Pharmacologic therapy remains the treatment of choice for most patients with RLS, and several classes of agents have been well established as effective therapies.4,9,1225 However, no medication is universally effective, and most agents are limited by troublesome or intolerable side effects.26 An effective nonpharmaceutical treatment either as a primary or adjunctive therapy would be an attractive option.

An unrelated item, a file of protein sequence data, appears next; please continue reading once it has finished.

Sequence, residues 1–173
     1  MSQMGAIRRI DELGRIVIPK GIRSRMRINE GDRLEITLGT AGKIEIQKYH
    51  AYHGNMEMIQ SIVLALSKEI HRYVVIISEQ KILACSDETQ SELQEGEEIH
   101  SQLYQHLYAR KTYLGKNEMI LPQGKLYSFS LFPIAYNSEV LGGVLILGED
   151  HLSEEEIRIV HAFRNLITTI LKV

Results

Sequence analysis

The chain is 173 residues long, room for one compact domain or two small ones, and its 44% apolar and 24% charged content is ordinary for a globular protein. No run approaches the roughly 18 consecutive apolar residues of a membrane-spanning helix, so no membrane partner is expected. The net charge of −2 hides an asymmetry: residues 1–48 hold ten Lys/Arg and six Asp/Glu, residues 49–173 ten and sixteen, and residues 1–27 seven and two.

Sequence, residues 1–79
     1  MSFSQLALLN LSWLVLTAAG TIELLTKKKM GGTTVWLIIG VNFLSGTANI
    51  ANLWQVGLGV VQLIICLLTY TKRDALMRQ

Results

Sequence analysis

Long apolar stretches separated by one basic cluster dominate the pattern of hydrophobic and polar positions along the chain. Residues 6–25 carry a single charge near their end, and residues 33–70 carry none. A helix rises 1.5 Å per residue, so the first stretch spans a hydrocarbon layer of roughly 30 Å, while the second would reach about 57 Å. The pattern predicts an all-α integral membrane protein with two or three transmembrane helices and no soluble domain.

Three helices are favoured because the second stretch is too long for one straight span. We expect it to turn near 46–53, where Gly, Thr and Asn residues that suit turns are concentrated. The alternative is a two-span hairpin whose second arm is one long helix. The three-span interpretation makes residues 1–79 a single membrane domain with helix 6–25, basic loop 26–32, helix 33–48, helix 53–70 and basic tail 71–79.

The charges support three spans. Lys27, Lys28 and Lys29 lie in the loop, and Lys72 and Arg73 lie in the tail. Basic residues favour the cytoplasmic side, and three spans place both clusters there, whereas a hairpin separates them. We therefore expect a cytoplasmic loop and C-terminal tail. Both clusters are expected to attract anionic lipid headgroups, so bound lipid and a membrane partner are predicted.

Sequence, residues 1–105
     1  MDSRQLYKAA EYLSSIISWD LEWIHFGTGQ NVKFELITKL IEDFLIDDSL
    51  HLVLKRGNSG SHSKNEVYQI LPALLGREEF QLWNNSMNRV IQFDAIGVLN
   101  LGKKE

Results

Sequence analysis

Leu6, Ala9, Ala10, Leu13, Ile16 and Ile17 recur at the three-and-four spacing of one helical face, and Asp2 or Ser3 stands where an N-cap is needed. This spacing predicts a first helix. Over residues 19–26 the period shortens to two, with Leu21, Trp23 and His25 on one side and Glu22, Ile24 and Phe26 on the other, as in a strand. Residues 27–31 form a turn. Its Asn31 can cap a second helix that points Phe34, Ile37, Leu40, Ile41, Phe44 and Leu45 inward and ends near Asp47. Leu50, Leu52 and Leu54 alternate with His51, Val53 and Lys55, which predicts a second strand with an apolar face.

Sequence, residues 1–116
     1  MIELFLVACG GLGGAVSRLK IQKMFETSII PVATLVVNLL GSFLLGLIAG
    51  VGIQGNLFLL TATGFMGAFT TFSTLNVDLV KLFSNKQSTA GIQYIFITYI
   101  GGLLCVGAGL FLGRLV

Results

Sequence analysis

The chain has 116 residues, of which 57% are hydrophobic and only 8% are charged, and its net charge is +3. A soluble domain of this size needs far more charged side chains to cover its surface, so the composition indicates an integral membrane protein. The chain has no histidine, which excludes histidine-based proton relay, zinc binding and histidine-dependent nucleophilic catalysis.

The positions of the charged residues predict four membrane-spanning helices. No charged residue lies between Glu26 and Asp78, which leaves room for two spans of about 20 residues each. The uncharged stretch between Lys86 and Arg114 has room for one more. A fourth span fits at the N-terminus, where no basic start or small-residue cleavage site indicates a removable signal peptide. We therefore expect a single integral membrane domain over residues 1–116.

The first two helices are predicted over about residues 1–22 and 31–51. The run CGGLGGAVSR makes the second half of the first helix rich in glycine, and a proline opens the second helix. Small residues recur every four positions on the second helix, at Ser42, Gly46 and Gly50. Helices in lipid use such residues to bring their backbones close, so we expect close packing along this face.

There are a number of possible explanations for the benefits of PCDs in RLS. While the specific pathophysiology of RLS is unknown, it is regarded to be a CNS disorder resulting from dysfunction of dopaminergic and opioidergic neurotransmission mediated by the metabolism of iron. This theory is supported by therapeutic effects of dopamine agonists, opioids, and iron. However, RLS may be a peripheral disorder. Chronic venous insufficiency has been shown to have a common association with RLS.33 Tissue hypoxia and ischemia may lead to peripheral neuronal dysfunction. Vascular compression from PCDs may stimulate the release of endothelial mediators that modulate symptoms. Additionally, PCDs may improve local perfusion by enhancing venous and lymphatic drainage with consequent relief of mild, otherwise subclinical ischemia.